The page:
Phlips Cpp Homework Reply

 From: Phlip
 Subject: Re: homework questions
 Newsgroups: comp.lang.c++
 Date: 1997/02/19

Some students actually copy and paste their instructor's homework assignments into their e-mail windows and post these. You would never consider doing that, would you? Did you know instructors also know how to use Netscape? And they could search for your name on DejaNews?

"You came in that thing? You're braver than I thought!" - Princess Leia

(censored) wrote:

> 22) Moving through a linked list is called navigation. T or F

Heck, that sounds like a good word for it! Like the CPU is the browser (or the Turing engine, depending on you lexual orientation), and the next node is the place in this node that makes your mouse pointer give you the finger. Mark this one True and then sue your teacher if it complains.

But moving thru a tree is called brachiation.

> 32) Suppose the myprog.cpp is a client of two classes, Class1 (with > files class1.hpp and class1.cpp) and Class2(with files class2.hpp and > class2.cpp). If only myprog.cpp is modified, which file(s) must be > recompiled? > > a. myprog.cpp > b. class1.cpp > c. class2.cpp

Trick. What if your MAK file says your Recycle Bin is a dependency of class2.cpp? It will compile each time you recycle something! This is a physical design issue, not a logical one. Refuse to answer the question on religious grounds.

> 40) What is the purpose of the C++ language feature known as a > constructor initialization list?

To pass the buck, and absolve itself of responsibility. "Park this car for me, garc,on - but don't drive it!"

> 49) Which of the following C++ class member functions should be provided > if class objects point to dynamic data?

Again a trick question. What if it points to dynamic data that someone _else_ created and will destroy? Are there any other colleges (or high schools) in your area you could transfer to? It's not too late!

> 50) In C++ terminology, which of the following is NOT considered > "initialization"?

Any line of code initializes lots of tiny little values. Your CPU initializes its registers 30-200 million times a second!

The non-initialization parts of your program are therefore blank space between words and lines that give your brain a chance to expand back to normal size.

> 88) what is the motivation for setting up a base class with all virtual > methods?

You can get an underling (assuming you ever have one) to write the contents of the functions for you while you dig a hole in the sand and chase seagulls away from your picnic basket. Until your pager goes off.

> 89) Why is particularly important to use exception handling > (through-try-catch) when designing your constructors?

To increase the odds that member pointers to owned data leak memory when those exceptions throw. Next obvious question!

> 90) What overloaded operator should be implemented by returning a > reference? WHY?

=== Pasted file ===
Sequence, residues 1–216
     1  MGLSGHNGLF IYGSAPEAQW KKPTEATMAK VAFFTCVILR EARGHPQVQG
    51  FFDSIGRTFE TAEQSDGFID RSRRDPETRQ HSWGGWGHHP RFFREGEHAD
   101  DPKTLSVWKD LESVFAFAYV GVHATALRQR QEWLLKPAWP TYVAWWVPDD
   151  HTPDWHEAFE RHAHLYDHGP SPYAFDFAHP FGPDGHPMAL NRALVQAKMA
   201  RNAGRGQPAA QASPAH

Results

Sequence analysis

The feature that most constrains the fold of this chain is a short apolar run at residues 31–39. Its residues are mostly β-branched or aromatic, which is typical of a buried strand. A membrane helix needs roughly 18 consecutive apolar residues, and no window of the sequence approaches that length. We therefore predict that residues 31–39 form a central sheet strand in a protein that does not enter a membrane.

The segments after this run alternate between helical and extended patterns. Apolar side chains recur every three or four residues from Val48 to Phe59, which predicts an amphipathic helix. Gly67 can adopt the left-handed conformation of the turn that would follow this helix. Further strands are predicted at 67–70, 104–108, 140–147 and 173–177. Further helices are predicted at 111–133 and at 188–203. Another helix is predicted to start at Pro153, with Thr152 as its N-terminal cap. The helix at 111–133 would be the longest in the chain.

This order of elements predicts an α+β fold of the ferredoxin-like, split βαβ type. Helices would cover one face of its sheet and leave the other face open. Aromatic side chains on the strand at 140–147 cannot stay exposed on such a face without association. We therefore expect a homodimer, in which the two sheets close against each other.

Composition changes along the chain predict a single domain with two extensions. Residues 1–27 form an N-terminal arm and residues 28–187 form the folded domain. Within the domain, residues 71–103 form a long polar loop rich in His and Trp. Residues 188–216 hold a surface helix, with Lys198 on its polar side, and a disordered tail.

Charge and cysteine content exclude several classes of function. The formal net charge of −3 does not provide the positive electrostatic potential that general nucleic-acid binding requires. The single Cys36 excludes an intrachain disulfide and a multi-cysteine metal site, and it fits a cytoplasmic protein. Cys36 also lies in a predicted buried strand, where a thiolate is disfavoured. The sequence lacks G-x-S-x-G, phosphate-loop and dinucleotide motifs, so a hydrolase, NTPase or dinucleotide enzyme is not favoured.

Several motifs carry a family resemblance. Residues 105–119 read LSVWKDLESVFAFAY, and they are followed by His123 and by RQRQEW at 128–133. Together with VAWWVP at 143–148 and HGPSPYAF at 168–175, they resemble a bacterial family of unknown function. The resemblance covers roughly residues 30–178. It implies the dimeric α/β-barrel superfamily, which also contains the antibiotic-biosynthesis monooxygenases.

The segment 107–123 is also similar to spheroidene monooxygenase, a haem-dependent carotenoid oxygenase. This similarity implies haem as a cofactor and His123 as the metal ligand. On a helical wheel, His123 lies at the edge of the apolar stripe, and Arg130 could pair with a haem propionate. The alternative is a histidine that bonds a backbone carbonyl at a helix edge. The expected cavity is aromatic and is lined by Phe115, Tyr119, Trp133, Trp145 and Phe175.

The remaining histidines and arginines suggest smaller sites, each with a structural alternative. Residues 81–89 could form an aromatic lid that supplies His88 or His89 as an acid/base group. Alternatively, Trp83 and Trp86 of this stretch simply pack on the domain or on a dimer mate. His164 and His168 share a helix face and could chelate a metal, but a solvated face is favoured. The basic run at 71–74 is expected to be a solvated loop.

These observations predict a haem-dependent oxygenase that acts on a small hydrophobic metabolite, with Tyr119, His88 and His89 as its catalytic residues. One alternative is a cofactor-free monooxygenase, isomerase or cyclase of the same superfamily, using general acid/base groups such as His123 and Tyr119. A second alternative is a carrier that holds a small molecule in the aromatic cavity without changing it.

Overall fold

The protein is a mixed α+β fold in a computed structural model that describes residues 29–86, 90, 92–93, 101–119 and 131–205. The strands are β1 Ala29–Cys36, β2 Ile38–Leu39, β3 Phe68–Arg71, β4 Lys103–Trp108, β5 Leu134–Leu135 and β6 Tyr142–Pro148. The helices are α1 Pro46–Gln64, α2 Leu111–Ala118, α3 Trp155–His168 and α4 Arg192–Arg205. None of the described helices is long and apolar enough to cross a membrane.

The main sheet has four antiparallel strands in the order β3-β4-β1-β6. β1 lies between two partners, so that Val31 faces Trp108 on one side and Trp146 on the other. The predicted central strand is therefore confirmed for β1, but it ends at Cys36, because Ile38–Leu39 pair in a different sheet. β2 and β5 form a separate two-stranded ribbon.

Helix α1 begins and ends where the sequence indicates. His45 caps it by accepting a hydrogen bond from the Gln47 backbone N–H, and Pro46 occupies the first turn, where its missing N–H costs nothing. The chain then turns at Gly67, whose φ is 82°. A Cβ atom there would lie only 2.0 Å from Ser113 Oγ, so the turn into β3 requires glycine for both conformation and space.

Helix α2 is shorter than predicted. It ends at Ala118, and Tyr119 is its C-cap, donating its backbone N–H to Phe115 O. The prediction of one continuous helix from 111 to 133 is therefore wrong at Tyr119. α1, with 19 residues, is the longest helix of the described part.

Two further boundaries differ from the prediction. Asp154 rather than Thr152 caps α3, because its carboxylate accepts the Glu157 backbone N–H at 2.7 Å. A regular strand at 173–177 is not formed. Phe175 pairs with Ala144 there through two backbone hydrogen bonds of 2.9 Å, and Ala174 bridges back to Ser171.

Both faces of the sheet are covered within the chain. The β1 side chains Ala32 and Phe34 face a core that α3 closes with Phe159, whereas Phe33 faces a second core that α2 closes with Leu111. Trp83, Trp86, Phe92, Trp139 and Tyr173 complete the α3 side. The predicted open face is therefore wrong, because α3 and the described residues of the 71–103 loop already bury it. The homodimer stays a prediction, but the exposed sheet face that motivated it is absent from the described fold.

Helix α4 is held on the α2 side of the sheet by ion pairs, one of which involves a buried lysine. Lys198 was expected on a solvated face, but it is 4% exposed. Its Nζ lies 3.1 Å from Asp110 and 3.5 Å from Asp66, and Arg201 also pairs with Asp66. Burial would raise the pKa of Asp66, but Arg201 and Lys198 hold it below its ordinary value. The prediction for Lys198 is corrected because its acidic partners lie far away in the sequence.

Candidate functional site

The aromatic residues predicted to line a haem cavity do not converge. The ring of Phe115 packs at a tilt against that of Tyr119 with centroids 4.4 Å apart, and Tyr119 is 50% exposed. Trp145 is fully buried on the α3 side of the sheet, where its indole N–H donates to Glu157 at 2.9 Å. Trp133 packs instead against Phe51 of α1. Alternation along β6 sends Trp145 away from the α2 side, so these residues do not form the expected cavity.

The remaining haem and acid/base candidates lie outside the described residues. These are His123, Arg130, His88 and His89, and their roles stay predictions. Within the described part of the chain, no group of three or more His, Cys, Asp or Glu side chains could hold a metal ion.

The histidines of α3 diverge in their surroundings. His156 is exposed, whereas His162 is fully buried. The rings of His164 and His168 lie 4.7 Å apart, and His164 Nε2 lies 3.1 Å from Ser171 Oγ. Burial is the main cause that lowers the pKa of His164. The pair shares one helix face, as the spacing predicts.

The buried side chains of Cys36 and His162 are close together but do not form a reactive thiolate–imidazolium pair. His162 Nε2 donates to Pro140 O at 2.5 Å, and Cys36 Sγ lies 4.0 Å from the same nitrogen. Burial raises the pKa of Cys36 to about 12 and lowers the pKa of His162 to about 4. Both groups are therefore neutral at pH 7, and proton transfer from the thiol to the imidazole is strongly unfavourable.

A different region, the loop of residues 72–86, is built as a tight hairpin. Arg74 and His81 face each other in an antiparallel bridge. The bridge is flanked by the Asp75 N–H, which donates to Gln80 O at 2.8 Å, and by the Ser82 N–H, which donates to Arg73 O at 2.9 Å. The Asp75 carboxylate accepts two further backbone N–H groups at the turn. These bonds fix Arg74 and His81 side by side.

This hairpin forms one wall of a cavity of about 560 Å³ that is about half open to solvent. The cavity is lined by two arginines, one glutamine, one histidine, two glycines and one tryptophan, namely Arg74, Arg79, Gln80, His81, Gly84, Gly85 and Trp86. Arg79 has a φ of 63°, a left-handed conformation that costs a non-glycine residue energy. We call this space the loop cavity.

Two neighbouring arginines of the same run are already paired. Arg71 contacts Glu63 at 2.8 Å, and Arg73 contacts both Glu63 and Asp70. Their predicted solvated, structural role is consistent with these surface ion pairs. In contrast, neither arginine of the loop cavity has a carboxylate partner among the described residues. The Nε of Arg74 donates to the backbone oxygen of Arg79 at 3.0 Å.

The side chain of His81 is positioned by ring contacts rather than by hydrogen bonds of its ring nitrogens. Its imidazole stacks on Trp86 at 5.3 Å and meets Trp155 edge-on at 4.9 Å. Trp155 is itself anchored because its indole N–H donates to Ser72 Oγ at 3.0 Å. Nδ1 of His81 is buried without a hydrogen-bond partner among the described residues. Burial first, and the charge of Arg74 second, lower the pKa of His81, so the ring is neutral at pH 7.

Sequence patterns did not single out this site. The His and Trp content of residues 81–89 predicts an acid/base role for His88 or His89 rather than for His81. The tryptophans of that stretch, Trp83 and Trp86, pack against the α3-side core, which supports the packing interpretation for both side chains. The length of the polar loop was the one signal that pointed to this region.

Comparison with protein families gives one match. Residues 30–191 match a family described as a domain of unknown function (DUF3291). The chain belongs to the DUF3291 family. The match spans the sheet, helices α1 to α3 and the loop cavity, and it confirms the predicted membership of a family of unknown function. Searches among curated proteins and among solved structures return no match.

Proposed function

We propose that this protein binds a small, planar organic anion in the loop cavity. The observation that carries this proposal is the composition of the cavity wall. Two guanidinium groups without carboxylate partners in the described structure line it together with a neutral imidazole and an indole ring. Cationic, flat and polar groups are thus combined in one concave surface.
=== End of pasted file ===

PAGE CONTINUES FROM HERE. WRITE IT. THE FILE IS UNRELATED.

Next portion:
All of them. You can make readable statements unreadable by chaining them all together.

That alphanumeric page you just got that looked like static (radio waves, not storage class)? It was your underling sending the expression back to you for clarification.

> 92) Explain the difference between these two statements. Person p1(p); > Person p1=p;

It depends on the type of 'p', the contents of Person, and what compiler you have. For example, VC++ will let you use certain kinds of 'p1=p' even when it is illegal.

> 12) Structured(top-down) design begins by identifying the major actions > to be performed, whereas object-oriented design begins by identifying > the major objects and operations. T or F

This is the subject of many books, web sites and flames. Smalltalk and Java proponents, for different reasons, say you write each program feature needed on an index card, drop them all in a bag, mix them up, pull one out at random, and begin the program by adding this feature. But there is still a stylistic difference between Java and Smalltalk. Java coders usually only have one index card, but Smalltalk coders always use 3M Post-Its.

Pascal and FORTRAN coders (who think FORTRAN is good for power math [like Fermat's last theorem] and Pascal is a teaching language), say you must write a very small program that has the general outline of a program that works but does not, then keep adding little outlines until the program appears deep and profound. Especially if each part of the program contains many links and dependencies to each other part. The problem is there are many automated tools that do this part for you nowadays - write an outline of a program that compiles, contains literally hundreds of cross-references, but does nothing. As a result of this many Pascal and FORTRAN programmers are unemployed and reduced to writing JavaScript on a laptop on a street corner.

I sincerely help this has been hopeful.

PhlIp ~~~~~~~~~~~~~~~~~~~~~~~~~~~~~~~~~~~~~~~~~~~~~~~~~~~~~~~~~~~~ -- Delta-V... Delta-V... /Yes/!! --

PhlIp (several years later) Gracious! What was I on??

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